Reasons why you should move into a laneway house in Vancouver
In this two-part series, we will cover what laneway houses are, as well as some benefits to moving into one in Vancouver. In our second article, we will discuss some drawbacks related to moving into a laneway house in Vancouver and hopefully provide some insight on whether or not you should move into one.
1 Laneway Houses are gaining popularity in Metro Vancouver
When moving in Vancouver, some are considering a fairly specific category of housing: laneway houses. Although this is a fairly new concept, moving into laneway houses is quickly gaining popularity with Vancouverites because of the many benefits they provide. The Global News, Retail Estate Weekly, and the Huffington Post have all been covering this phenomenon in various cities in the Lower Mainland.
2 What are laneway houses?
Laneway houses, a type of housing, is also known as ‘granny flats,’ ‘coach houses,’ ‘carriage houses,’ or ‘Fonzie suites,’ these houses are relatively small, detached, individual housing units that are built on pre-existing lots. These houses are usually built in the backyard or the laneway (hence its name) of single-family lots. The idea behind this began as an EcoDensity initiative by our former Vancouver mayor Sam Sullivan in December 2009 to combat housing affordability as well as increase urban density in the city of Vancouver.
3 Benefits of moving into laneway houses in Vancouver
Laneways housing may be a solution to affordable housing in Vancouver
Whether you are a laneway house owner, looking to build a laneway house on an existing property, or looking to rent and move into a laneway house, the first and foremost benefit is its affordability. Home ownership isn’t easy for some young Vancouverites who are living and working in Vancouver. According to one source, building a laneway house can be somewhere between $250,000 to $270,000, which is much more affordable than houses of the same size in the current real estate market in Vancouver. For Vancouverites looking to rent, this is great news. The lower costs to build a laneway home should translate to lower monthly rent.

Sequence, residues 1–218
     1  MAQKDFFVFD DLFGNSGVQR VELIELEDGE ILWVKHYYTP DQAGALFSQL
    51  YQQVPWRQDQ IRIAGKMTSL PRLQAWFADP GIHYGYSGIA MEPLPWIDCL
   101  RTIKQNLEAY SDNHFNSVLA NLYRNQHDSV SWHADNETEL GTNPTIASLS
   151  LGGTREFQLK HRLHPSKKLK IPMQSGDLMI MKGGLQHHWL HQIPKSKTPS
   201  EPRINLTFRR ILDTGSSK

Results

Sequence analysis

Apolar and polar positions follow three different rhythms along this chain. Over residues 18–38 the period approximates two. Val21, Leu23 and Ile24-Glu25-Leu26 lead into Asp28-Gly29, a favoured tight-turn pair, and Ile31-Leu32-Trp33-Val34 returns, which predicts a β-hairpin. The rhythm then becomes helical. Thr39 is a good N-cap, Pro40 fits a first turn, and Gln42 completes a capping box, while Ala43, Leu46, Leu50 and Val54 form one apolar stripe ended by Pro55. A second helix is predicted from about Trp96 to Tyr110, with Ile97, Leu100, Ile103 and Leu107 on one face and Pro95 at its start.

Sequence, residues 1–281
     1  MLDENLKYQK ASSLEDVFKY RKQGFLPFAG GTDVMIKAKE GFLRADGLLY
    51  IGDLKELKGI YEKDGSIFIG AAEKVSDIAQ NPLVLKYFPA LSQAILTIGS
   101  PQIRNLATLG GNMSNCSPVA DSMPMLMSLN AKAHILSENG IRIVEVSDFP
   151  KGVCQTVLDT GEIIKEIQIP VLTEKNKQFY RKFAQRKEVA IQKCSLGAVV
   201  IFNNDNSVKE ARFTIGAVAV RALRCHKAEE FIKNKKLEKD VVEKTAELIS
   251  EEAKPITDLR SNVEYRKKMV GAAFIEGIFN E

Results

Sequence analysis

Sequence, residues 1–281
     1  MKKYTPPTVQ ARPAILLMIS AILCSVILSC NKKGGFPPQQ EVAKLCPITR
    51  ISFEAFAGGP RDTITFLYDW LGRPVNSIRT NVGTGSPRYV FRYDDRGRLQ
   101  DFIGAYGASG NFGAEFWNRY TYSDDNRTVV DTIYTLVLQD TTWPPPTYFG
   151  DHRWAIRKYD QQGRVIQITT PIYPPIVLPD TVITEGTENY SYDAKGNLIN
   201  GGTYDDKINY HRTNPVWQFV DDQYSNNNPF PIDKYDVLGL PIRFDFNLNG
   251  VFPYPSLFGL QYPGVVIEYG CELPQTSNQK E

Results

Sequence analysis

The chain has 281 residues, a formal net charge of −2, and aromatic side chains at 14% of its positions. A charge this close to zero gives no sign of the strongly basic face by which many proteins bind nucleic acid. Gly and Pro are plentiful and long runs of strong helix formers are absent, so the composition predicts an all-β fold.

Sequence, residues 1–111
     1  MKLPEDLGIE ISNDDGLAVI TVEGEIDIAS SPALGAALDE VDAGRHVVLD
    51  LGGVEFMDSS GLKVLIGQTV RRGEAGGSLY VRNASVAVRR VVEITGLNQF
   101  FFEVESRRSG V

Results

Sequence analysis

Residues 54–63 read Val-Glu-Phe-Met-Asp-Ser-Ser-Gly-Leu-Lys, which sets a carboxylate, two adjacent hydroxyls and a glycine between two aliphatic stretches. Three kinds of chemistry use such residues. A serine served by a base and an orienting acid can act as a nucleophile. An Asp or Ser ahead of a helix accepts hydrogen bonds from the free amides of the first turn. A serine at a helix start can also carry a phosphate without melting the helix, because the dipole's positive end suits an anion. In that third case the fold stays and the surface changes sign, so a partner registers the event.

4 Moving into a laneway house in Vancouver to get your own private space
Some people looking to move in Vancouver are often first looking into renting suites in an apartment building or the upper or lower level of a landlord’s home. This is more affordable than renting a single detached house. The trade-off is that you lose some privacy and may not be free of noisy neighbours above or below you. With a laneway house, you are able to have your own private space without worrying about disturbing your neighbours or having your neighbours disturbing you!
5 Laneway houses may be the future of sustainable living
Vancouver has developed stricter building regulations with respect to living greener. Because laneway houses are a fairly recent development, most of these houses must adhere to these stricter guidelines. Moving into a laneway housein Vancouver is an investment into sustainable living for city development and the environment itself. Laneway houses allow for a smaller carbon footprint. From one source, residential buildings account for at least 16% of energy consumption in Canada. Within this percentage, a large portion – 50% – of energy usage is used in heating our living spaces. Much like our article on the tiny house movement, a laneway house will use less materials, energy, and appliances to sustain a family’s living because of its small size.
Moving into a laneway house increases living sustainability in the city because it brings the community physically closer. This allows for smaller expenditure in the city’s labour and services such as garbage pickup, police patrols, and public transport developments. In addition, because they are built more recently, the designs of these houses are all very modern, new, and trendy.
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